There’s another interesting thing about Chrome 41. Google Search Console’s Fetch and Render tool is simply the Chrome 41 preview. The righthand-side view (“This is how a visitor to your website would have seen the page”) is generated by the Google Search Console bot, which is… Chrome 41.0.2272.118 (see screenshot below).
There’s evidence that both Googlebot and Google Search Console Bot render pages using Chrome 41. Still, we don’t exactly know what the differences between them are. One noticeable difference is that the Google Search Console bot doesn’t respect the robots.txt file. There may be more, but for the time being, we’re not able to point them out.
Chrome 41 vs Fetch as Google: A word of caution
Chrome 41 is a great tool for debugging Googlebot. However, sometimes (not often) there’s a situation in which Chrome 41 renders a page properly, but the screenshots from Google Fetch and Render suggest that Google can’t handle the page. It could be caused by CSS animations and transitions, Googlebot timeouts, or the usage of features that Googlebot doesn’t support. Let me show you an example.
Chrome 41 preview:
The above page has quite a lot of content and images, but it looks completely different in Google Search Console.
Google Search Console preview for the same URL:
As you can see, Google Search Console’s preview of this URL is completely different than what you saw on the previous screenshot (Chrome 41). All the content is gone and all we can see is the search bar.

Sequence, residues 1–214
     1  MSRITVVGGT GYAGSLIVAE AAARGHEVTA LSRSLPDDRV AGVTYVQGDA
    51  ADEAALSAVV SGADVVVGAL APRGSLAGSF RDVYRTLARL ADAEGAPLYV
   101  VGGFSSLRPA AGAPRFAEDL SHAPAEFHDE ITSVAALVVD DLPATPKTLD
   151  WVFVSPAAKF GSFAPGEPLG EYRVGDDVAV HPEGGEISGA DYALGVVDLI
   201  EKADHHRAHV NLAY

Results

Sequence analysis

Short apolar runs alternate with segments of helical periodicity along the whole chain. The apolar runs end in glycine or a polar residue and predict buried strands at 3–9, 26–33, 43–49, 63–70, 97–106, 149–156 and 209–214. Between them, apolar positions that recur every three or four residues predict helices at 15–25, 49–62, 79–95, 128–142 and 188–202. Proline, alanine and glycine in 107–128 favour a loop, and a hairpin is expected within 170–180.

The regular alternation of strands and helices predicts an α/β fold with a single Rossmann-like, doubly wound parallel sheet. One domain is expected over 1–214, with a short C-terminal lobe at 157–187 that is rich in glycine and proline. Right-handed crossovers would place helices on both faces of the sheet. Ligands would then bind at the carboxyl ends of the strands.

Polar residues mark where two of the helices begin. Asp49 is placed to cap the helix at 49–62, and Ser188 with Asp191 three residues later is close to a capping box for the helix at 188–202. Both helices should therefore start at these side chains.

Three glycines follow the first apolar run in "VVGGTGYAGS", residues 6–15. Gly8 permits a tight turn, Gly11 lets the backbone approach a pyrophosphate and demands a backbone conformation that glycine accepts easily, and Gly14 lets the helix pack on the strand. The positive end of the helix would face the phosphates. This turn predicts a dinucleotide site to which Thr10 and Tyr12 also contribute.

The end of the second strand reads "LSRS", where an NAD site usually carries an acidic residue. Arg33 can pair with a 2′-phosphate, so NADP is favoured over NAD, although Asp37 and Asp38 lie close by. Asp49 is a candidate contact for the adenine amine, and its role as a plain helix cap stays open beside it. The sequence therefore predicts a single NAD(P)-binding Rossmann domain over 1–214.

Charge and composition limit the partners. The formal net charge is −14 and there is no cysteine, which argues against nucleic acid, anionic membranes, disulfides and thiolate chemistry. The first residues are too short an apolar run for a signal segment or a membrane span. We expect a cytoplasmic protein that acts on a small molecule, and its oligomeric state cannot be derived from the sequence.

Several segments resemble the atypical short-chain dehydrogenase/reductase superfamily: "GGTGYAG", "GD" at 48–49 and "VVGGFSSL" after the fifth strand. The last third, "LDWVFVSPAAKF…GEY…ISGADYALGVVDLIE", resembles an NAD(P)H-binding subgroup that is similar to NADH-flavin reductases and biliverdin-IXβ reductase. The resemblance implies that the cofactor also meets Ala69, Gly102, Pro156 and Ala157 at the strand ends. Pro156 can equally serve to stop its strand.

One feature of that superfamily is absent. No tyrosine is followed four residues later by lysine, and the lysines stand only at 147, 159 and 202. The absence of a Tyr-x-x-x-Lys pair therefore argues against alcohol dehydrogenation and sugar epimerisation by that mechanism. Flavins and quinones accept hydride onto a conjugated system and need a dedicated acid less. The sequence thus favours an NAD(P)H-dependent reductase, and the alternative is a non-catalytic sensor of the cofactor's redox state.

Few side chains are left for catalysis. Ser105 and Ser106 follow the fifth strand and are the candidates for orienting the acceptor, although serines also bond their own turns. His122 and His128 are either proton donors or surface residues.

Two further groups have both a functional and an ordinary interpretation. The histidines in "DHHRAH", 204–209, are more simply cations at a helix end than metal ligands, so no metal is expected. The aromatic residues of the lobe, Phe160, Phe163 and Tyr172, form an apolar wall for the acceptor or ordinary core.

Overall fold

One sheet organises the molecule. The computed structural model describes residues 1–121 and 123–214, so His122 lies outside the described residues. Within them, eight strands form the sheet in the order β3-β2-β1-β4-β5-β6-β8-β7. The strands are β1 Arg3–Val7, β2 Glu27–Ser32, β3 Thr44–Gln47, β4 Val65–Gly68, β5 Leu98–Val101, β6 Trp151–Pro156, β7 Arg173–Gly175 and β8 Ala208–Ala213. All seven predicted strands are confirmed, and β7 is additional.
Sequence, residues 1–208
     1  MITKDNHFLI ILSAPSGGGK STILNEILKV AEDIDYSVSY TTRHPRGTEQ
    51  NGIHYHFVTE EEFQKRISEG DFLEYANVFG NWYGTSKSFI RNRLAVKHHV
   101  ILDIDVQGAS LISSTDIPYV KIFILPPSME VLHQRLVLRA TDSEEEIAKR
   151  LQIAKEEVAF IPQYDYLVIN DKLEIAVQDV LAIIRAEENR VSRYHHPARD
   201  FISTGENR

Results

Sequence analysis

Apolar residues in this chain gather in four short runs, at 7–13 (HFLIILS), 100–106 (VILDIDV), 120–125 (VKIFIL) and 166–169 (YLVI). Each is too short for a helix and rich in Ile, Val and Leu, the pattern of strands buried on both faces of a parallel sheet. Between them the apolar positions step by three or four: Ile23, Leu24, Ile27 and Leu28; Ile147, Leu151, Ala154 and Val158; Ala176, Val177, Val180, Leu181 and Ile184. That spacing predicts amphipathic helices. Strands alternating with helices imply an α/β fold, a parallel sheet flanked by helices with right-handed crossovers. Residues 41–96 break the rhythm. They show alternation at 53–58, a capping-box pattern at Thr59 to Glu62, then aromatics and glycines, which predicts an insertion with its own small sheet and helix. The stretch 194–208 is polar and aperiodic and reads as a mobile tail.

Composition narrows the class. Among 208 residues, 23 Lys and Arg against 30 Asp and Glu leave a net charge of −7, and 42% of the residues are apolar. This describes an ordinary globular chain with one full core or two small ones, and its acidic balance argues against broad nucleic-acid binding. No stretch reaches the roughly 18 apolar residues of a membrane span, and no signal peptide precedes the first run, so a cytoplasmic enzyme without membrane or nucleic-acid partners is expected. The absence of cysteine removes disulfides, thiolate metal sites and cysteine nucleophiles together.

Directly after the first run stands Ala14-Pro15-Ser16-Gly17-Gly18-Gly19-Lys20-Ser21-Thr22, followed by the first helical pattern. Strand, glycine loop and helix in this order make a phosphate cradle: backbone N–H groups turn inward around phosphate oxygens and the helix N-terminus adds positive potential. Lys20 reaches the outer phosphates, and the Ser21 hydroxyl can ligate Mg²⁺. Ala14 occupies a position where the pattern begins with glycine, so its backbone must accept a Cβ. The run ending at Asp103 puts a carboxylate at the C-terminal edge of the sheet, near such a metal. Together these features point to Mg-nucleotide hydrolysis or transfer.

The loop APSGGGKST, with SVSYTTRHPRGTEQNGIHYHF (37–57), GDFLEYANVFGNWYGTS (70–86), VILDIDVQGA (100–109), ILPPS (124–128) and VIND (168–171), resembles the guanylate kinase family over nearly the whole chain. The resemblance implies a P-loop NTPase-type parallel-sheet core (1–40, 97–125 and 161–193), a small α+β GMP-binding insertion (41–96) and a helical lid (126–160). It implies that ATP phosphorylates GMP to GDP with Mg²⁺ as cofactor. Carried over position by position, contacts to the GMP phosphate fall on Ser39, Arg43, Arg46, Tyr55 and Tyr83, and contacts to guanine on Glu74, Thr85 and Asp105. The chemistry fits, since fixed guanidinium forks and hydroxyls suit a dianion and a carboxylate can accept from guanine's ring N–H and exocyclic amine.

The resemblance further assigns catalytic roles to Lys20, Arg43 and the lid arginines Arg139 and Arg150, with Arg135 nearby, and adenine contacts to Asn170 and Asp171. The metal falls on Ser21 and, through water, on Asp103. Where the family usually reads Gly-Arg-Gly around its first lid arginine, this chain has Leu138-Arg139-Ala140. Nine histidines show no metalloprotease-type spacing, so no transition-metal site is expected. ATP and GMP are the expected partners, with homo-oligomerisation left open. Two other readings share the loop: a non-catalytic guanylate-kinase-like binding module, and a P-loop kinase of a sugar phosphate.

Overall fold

From what we noticed, Google Search Console renders CSS a little bit different than Chrome 41. This doesn’t happen often, but as with most tools, we need to double check whenever possible.
This leads us to a question…
What features are supported by Googlebot and WRS?
According to the Rendering on Google Search guide:
- Googlebot doesn’t support IndexedDB, WebSQL, and WebGL.
- HTTP cookies and local storage, as well as session storage, are cleared between page loads.
- All features requiring user permissions (like Notifications API, clipboard, push, device-info) are disabled.
- Google can’t index 3D and VR content.
- Googlebot only supports HTTP/1.1 crawling.
The last point is really interesting. Despite statements from Google over the last 2 years, Google still only crawls using HTTP/1.1.
No HTTP/2 support (still)
We’ve mostly been covering how Googlebot uses Chrome, but there’s another recent discovery to keep in mind.
There is still no support for HTTP/2 for Googlebot.
Since it’s now clear that Googlebot doesn’t support HTTP/2, this means that if your website supports HTTP/2, you can’t drop HTTP 1.1 optimization. Googlebot can crawl only using HTTP/1.1.
There were several announcements recently regarding Google’s HTTP/2 support. To read more about it, check out my HTTP/2 experiment here on the Moz Blog.
Rumor has it that Chrome 59’s headless mode was created for Googlebot, or at least that it was discussed during the design process. It’s hard to say if any of this chatter is true, but if it is, it means that to some extent, Googlebot will “see” the website in the same way as regular Internet users.
This would definitely make everything simpler for developers who wouldn’t have to worry about Googlebot’s ability to crawl even the most complex websites.
Chrome 41 vs. Googlebot’s crawling efficiency
It’s safe to assume that Chrome 41 will now be a part of every SEO’s toolset.